Burial in your back garden

  • there is perhaps something of a tradition in Britain of loved ones being buried in a favourite spot of their own back garden;
  • naturally the space has a special significance for the deceased and may prove an especially fitting memorial for family and friends;
  • the website Garden Law clarifies the legal position – burials in the back garden are perfectly lawful provided there is a death certificate, the death has been registered and the local authority has approved the proposed resting place. Note though that if you ever decide to sell your home, the burial must be disclosed and it may put some people off buying the property.

There exist many different types of environmentally friendly or green burials. The choice is entirely personal, of course, and is likely to reflect the character and personality of the dearly departed.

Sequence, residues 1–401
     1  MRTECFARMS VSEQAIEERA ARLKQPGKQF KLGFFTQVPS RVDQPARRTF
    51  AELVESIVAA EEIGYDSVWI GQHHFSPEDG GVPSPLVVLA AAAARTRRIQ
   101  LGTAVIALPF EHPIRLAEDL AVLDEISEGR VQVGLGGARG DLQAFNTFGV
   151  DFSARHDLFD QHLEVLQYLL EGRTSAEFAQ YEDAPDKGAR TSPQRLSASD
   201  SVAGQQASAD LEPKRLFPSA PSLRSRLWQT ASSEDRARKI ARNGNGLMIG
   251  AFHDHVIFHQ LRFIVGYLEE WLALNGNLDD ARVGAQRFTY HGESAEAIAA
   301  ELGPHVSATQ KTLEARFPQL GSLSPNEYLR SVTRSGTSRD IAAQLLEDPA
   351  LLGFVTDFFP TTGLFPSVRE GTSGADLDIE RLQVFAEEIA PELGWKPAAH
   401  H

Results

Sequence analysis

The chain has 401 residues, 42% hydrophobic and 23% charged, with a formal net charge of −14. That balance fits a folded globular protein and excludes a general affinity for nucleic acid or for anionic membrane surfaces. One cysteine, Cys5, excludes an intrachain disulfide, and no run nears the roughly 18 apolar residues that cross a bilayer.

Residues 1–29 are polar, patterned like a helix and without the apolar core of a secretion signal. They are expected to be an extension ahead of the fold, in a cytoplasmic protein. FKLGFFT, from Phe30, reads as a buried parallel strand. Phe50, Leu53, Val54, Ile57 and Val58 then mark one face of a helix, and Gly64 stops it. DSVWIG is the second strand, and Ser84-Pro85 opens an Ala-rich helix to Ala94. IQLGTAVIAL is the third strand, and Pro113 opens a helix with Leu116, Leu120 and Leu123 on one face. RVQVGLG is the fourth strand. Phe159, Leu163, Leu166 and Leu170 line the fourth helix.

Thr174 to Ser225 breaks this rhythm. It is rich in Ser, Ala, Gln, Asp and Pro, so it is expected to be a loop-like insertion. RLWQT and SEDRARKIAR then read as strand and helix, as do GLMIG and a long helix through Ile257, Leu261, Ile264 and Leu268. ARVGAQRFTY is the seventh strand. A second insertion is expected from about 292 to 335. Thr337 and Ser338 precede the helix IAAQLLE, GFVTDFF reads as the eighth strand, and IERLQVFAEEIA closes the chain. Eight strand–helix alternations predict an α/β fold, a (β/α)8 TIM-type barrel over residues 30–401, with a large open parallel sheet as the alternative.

Types of casket

Reflecting ever-increasing concerns to stay green and make use of only sustainable resources in practically everything we do, there are already a surprising number of companies in the UK selling environmentally friendly coffins, caskets and shrouds – a number are listed on the website Sun Rising.

What makes them environmentally friendly?

Here the key to being green lies in the greatest possible use of fully biodegradable materials;

  • this means avoiding the unnecessary use of screws, bolts and other metal fittings, varnishes and toxic glue;
  • wood veneer and MDF, for example, both contain the harmful and highly toxic chemical formaldehyde;
  • shrouds may be handmade from cotton, felt, fibre, or wool or bought ready made using carefully resourced materials.


When it comes to resourcing natural materials for environmentally friendly caskets and coffins, the choice is wide, imaginative and extremely inventive.

They are currently being fashioned from some of the following materials:

  • wood – of course is a traditional material used for building coffins. Staying green means using sustainably sourced timber or reclaimed and recycled wood with a minimum of metal fixtures and fittings – including, for example, the use of rope handles;